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West Ham manager Sam Allardyce admits it is harder to find a reason for the Hammers' recent run of defeats than it was during their poor spell at the turn of the year.
Having won four games in succession and hauling themselves out of the Barclays Premier League bottom three, Allardyce has seen his side slip to three consecutive defeats. West Ham were beaten away at Everton and Stoke before losing to a Wayne Rooney double at home to Manchester United on Saturday.
Those losses mean the Hammers are six points clear of the relegation zone, having played two games more than 18th-placed Sunderland, and tackle Hull at Upton Park on Wednesday evening looking to get back to winning ways.
For Allardyce it is not the first time he has had to address a worrying run this season, following a spell of seven Premier League games without a win throughout December and January.
Heavy FA Cup and Capital One Cup defeats during that period also added to the club's woes, as a host of injuries often meant Allardyce was left without a full quota of first-team players.
Now the 59-year-old, who kept his job during the difficult stage of the campaign, cannot pinpoint why his side are suffering a similar slump, beyond them lacking a clinical edge in attack and defence.
"We haven't achieved the results that the performances warranted," Allardyce said.
"That is the disappointment for me because we knew the bad times we had in December and January were really down to the limited players we had available.
"At the moment we have just not got that instinctive, killer edge on the front line and because we are going all out for it we have left the back door open a couple of times and the opposition have taken full advantage of that."
Only Joey O'Brien and Marco Borriello will definitely miss the game against Hull as Allardyce attempts to halt the slide.
Hull boss Steve Bruce will put his close friendship with Sam Allardyce to one side when his side do battle with the Hammers.
Bruce is six years younger than the 59-year-old Allardyce but he says they share a kindred spirit and the former centre-halves will be getting together soon for their annual holiday together.
"You tend to find your friends are away from football but I can call Sam as one of my friends," Bruce said.
"We both started in management at the same sort of time, him at Notts County and me at Sheffield United, 14 or 15 years ago and we've been hammer and tongs at each other since.
"Every summer we get together and have a few days away and enjoy some time together."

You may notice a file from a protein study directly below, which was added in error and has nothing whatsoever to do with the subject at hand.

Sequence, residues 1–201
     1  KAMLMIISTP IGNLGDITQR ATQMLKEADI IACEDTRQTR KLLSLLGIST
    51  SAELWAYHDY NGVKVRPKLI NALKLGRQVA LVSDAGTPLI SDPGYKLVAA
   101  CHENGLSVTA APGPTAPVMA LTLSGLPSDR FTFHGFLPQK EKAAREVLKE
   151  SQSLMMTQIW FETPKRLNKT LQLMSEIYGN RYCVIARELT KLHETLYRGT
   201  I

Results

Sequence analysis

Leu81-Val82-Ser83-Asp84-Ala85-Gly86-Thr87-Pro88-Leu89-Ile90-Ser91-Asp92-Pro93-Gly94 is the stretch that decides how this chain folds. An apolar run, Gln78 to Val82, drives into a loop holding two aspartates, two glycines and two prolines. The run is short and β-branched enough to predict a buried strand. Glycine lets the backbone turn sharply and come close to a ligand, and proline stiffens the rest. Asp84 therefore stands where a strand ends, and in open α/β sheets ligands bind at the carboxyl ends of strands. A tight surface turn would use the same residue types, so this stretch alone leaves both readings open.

Just two points separate the two teams in their battle to pull away from the relegation zone but Bruce is confident both will enjoy mid-table security long before the end of the season.
Allardyce was named manager of the month for February after guiding the Hammers to four straight wins that has brought them within touching distance of safety.
"He's got that curse, hasn't he," Bruce said of the hoodoo which can often following the managerial prize. "There is nobody more experienced and, if you are in a dog fight, Sam's your man.
"He had some terrible injuries but, once he got his players back, over the last couple of months they look a West Ham team once again.
"I expect them to be nowhere near the relegation area when the end of the season comes."
Bruce, whose Hull team are two points in front of West Ham, believe Allardyce's reputation has been tarnished unfairly since he ended his successful stint at Bolton in 2007.
"He gets unfair labels thrown at him," Bruce said. "If you look at the job he did at Bolton, it was nothing short of miraculous. To finish in the top six three times was quite remarkable. Look where Bolton are now.
"His stint at Newcastle didn't last very long but they are still in a good position and he got West Ham promoted and kept them up. He's always been successful in what he's done and maybe doesn't get the recognition he deserves."
Bruce is hoping striker Shane Long and centre half Curtis Davies will both shake off knee injuries sustained in the 2-0 win over West Brom to enable the FA Cup semi-finalists to field an unchanged team.
Bruce, whose side need one more win to reach the 10 he predicted at the start of the year would be enough to guarantee survival, is confident Davies can help combat the threat of West Ham striker Andy Carroll.
"Andy Carroll is a handful when he's fit and flying like he is," Bruce said. "We've had the privilege of seeing Curtis over the last six months and you'd have to say he's been a terrific signing for us.
"He's had a wonderful season and I'm sure he will relish the challenge of it because that's the type of player he is.
"Whether it's Andy Carroll or Suarez or whoever it is, he seems to thrive on playing against them, which is good to see."
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